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Science literacy levels remain the same but kids are keen to learn

Data from the National Assessment Program – Science Literacy assessments held in late 2015 show little change in national performance levels in terms of both average student achievement and the proportion of students performing at or above the proficient standard. The proficient standard is set at a challenging level and only just over half (55.1 per cent) of Year 6 students reached or exceeded it.

“The results show there is no statistically significant difference between the 2006 and 2015 results at the national level, or across most Australian states and territories. The exceptions being Tasmania, which is significantly higher than observed in 2009 and Western Australia which has maintained its significant improvement from 2006, and which was first seen in 2012,” said ACARA CEO, Robert Randall.

“The NAP science literacy report gives valuable insight into the level of science knowledge, understandings and skills that Year 6 students have developed. The results from this assessment, along with those from PISA and TIMSS (for which comprehensive reports were released today, following the high-level results late last year) highlight the need for improvements in primary school science teaching.

“That is why this report includes a chapter prepared specifically for teachers and curriculum specialists. It contains suggestions about how to improve science learning in the classroom, using the Australian Curriculum such as sample classroom lessons and activities, and ways of tracking and measuring student achievement against the science learning area.”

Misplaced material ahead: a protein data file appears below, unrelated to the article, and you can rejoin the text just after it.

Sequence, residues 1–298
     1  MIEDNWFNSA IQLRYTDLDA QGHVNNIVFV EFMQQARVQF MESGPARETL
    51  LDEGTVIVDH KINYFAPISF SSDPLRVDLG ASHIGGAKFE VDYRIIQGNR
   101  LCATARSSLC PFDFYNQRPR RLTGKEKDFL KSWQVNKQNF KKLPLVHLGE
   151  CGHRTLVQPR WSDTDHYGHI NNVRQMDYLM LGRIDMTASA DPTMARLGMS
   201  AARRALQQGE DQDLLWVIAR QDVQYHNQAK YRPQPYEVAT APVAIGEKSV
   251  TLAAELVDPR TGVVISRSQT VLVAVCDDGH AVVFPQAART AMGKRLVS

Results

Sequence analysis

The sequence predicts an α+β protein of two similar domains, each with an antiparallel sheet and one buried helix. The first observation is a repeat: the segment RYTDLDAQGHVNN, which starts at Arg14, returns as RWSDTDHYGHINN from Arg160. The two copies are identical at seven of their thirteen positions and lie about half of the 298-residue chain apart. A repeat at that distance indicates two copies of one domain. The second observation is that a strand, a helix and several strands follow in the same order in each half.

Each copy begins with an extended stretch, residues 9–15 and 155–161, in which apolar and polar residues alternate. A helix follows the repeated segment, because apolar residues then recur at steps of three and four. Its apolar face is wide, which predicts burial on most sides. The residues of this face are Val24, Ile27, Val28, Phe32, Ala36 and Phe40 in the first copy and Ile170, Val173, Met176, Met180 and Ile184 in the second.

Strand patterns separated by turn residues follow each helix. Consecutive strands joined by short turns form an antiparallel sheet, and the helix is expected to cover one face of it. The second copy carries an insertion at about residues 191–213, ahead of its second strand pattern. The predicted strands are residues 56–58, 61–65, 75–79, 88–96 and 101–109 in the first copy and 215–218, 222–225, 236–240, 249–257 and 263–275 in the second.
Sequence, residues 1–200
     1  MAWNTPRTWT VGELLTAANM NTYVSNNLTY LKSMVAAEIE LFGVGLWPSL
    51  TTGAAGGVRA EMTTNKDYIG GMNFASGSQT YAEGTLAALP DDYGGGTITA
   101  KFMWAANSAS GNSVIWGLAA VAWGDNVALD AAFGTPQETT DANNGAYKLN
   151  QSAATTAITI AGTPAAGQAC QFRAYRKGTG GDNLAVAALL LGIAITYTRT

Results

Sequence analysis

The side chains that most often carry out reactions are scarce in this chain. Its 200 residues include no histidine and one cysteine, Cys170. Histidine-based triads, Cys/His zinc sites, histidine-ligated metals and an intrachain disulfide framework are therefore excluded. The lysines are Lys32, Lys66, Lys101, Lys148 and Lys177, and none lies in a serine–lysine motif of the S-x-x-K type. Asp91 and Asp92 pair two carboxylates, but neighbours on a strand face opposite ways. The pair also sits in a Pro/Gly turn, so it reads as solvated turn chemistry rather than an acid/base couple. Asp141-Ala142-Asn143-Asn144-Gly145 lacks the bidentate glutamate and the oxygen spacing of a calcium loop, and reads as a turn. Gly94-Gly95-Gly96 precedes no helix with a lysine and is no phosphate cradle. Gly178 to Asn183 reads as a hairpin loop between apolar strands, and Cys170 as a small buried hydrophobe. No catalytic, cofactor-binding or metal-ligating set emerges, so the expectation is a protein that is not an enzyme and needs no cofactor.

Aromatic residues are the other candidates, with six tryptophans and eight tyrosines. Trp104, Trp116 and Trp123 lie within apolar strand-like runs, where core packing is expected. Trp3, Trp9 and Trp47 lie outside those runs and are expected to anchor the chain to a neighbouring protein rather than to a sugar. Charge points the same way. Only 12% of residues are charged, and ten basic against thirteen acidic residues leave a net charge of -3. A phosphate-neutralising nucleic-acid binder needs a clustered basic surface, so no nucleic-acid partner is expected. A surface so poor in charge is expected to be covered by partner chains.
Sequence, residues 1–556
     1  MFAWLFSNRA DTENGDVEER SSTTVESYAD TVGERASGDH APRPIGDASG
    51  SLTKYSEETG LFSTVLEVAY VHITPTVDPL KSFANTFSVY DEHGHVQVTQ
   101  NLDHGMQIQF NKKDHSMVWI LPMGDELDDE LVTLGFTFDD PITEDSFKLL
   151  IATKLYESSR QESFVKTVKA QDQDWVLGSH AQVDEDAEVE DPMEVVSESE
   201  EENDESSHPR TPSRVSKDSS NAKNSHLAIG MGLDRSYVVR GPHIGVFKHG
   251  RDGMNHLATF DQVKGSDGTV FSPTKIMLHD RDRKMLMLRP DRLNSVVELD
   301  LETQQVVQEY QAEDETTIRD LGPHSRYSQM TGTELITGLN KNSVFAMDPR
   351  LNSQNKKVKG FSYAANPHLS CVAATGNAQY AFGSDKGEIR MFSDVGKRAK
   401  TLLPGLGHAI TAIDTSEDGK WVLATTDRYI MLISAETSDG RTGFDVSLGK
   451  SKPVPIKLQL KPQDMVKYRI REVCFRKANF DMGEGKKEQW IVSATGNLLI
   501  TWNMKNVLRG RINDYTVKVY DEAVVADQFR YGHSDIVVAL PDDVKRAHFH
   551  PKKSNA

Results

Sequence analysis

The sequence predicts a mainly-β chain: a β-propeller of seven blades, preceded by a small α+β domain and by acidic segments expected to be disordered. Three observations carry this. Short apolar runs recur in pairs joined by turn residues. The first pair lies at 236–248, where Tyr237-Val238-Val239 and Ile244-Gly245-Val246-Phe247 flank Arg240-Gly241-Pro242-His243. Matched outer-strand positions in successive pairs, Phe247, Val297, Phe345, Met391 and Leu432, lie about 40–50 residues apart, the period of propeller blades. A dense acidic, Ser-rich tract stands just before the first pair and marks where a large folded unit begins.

Other points from the report:

  • Female students performed better than male students nationally. (In 2012, female students had a higher mean than male students, but it was not statistically significant.)
  • As seen in previous assessments, Indigenous students had a statistically significant lower mean achievement than non-Indigenous students.
  • Students from metropolitan areas have higher mean scores than students in provincial areas, who in turn have higher mean scores than students in remote and very remote areas.

When undertaking the sample assessment, students are surveyed to determine the extent of their interest in science, their engagement in science-related activities and their understanding of how science is relevant in their lives.

The results of the student survey show that the great majority of students (over 80 per cent) appear to be interested in learning new things in science, learning about science and doing science-based activities.

“This is a strong foundation on which to build student awareness of the importance of science in their everyday lives, build confidence, inspire excellence and encourage students to consider rewarding future careers in the field of science,” said Randall.


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